This whole thing started one day when she was vacuuming out her car, when she looked at Erics car and asked if his wheels would fit her car? I replied that yes they would, but I insisted on not modifying her car. I told her to just leave it alone, and just enjoy having a new car. But that wasn’t what she had in mind, so we took the wheels off Erics car, and  put them on hers. She was was so happy while we were doing it, but then instantly disappointed as we finished, because the car looked goofy being stock height with aftermarket wheels, with smaller sidewall tires. She drove the car around the block with Erics wheels but stock height and was happy about the performance upgrade aspect of it, but was so upset at how ugly it looked that she came in the house and we ordered swift springs LOL.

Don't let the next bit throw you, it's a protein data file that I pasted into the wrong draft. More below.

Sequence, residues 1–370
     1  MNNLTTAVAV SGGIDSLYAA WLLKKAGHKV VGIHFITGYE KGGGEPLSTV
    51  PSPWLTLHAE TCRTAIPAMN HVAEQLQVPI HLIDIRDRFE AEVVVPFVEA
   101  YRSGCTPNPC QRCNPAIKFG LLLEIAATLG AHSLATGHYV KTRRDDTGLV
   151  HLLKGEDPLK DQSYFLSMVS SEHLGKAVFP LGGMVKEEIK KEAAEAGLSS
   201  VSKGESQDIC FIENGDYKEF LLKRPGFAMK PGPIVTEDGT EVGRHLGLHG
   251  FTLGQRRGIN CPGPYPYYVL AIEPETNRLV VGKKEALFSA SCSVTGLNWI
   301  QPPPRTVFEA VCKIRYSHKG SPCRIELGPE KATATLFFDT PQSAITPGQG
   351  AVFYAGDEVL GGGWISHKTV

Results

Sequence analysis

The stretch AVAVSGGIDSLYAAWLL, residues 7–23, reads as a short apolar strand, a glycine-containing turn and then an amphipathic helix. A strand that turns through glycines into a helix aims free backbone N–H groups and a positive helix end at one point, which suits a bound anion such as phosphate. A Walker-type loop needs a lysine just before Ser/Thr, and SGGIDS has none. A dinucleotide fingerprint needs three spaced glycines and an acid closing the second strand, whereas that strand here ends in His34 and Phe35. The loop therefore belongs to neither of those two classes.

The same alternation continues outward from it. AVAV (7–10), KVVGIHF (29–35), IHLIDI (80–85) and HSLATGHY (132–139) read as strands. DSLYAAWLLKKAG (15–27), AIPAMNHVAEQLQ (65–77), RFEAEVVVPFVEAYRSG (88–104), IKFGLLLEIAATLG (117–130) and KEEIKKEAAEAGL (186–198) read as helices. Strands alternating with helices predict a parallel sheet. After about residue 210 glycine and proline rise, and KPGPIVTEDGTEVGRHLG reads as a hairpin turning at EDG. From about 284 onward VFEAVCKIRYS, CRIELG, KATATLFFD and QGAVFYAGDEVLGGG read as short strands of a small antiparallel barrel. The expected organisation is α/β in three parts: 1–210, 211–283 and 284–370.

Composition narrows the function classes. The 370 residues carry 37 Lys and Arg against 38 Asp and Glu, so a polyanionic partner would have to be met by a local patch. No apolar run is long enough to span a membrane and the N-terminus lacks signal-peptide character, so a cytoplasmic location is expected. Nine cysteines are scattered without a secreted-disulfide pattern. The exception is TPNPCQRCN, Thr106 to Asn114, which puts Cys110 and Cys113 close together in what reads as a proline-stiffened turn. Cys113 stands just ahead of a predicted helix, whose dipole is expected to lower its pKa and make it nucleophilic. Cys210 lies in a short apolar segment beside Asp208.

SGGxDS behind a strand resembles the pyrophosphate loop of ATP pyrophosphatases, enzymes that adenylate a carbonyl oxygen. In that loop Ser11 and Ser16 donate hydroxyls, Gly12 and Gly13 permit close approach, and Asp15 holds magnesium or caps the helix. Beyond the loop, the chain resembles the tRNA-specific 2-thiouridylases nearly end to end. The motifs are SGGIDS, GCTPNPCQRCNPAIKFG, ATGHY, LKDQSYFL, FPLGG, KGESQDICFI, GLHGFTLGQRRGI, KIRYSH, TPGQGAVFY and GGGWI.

We opted to go with Swift Springs because her research had shown that the Tein springs actually lowered it a bit too much, H&R springs didn’t have very good reviews, spoon ones were way to expensive, Tanabe weren’t in stock anywhere, and we couldn’t find the skunk2 ones for her year. But honestly the Swift Spring were a no brainer, They have such an amazing reputation in the car community, they balance performance and comfort, and you know they are going to last, and not sag. Yes there are a few other ones out there, but honestly the price difference is minimal between them all so why would you not go with Swift Springs. We ordered them through evasive motorsports and they arrived a day later, they also offer free shipping as well which was a great bonus.

Before we move on to the actual install how to, I’ll post a link to the article about the day she got her new fit and how I inherited the accord as my new daily. Since my daily at the time (the 4 door) was just stolen a few days prior, and clearly I couldn’t continue to drive it to work for fear of it getting stolen again and not being so lucky to find it all in one piece again.